The role of diet is tend to exaggerate both the media and many scientists. New research says there is not enough evidence.
The evidence that diet can prevent depression has been weak. German scientists spoke about this in the journal PLINS ONE.
The relationship between diet and depression is a popular topic of research and media coverage. Scientists from Leiden University analyzed 50 scientific papers devoted to this issue. They believe that the findings of many previous studies significantly exaggerate the impact of nutrition: the available evidence does not support strong claims about the benefits of a diet for depression.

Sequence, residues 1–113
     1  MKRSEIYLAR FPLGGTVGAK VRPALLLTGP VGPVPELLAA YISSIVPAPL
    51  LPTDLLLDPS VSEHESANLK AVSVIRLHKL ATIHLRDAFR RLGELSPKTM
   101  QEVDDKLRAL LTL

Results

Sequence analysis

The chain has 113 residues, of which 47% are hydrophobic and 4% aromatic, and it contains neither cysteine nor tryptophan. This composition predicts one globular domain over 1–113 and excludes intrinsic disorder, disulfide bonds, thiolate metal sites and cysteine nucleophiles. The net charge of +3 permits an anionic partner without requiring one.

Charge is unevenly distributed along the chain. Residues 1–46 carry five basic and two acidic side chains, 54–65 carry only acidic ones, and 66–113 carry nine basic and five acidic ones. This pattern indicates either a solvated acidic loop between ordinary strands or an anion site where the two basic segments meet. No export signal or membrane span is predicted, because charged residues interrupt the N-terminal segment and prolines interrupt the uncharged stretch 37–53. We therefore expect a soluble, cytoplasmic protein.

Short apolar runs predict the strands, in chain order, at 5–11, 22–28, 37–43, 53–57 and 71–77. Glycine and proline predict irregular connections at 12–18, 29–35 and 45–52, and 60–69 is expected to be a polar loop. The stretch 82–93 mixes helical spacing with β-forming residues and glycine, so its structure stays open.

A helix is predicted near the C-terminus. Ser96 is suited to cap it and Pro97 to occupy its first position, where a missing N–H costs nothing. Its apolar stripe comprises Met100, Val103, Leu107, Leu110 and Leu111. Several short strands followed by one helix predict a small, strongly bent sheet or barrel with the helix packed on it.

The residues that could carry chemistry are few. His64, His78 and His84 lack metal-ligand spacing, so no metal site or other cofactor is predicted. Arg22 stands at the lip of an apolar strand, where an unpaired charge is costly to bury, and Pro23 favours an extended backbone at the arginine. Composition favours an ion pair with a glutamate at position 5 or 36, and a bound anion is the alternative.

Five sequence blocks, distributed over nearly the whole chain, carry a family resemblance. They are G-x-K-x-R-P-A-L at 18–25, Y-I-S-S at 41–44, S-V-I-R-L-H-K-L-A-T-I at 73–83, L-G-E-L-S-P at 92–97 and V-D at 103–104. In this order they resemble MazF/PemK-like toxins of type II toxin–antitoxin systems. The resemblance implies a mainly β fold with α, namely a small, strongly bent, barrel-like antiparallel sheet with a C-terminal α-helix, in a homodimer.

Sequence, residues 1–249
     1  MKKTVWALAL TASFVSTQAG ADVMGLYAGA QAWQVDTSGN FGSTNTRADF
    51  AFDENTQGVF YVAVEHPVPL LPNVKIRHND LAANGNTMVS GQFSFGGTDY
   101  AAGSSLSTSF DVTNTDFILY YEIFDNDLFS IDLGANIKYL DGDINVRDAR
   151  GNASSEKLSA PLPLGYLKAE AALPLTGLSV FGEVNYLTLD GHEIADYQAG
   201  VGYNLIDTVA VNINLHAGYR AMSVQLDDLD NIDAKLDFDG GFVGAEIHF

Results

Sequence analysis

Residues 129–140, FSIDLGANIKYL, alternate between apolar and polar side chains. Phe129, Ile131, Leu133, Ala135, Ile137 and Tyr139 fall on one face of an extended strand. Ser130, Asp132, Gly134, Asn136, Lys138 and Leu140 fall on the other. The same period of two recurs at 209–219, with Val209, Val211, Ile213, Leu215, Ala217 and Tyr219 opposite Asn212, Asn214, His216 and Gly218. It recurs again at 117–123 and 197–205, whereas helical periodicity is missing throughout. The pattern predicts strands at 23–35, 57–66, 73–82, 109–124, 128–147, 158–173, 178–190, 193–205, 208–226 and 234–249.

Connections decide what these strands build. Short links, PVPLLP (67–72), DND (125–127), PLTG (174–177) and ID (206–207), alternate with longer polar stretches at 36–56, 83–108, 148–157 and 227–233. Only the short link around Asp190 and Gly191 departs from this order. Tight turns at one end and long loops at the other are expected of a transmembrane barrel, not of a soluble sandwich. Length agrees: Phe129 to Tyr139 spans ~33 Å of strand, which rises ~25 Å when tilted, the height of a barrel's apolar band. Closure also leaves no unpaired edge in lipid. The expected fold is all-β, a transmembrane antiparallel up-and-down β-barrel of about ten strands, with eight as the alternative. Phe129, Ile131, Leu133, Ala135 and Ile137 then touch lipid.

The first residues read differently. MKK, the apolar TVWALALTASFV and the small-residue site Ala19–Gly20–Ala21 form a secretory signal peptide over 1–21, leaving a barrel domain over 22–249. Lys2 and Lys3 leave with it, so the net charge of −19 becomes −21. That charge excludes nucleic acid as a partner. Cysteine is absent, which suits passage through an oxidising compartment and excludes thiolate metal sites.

The authors of a third of the scientific papers reviewed concluded that diet and depression are closely related. At the same time, no major meta-analysis has yielded such a result. The meta-analysis (analysis of all available scientific data), which was carried out by the authors of the new study, also did not demonstrate a positive effect of the diet on depression.
"Experimental data do not show a strong link between diet and depression prevention and depression treatment," said study lead author Florian Thomas-Odenthal.
Thomas-Odenthal noted that study authors often strongly sympathize with the importance of diet for depression. Such ideas easily find their way into the media. He believes that scientific journals should be more picky about articles on this topic.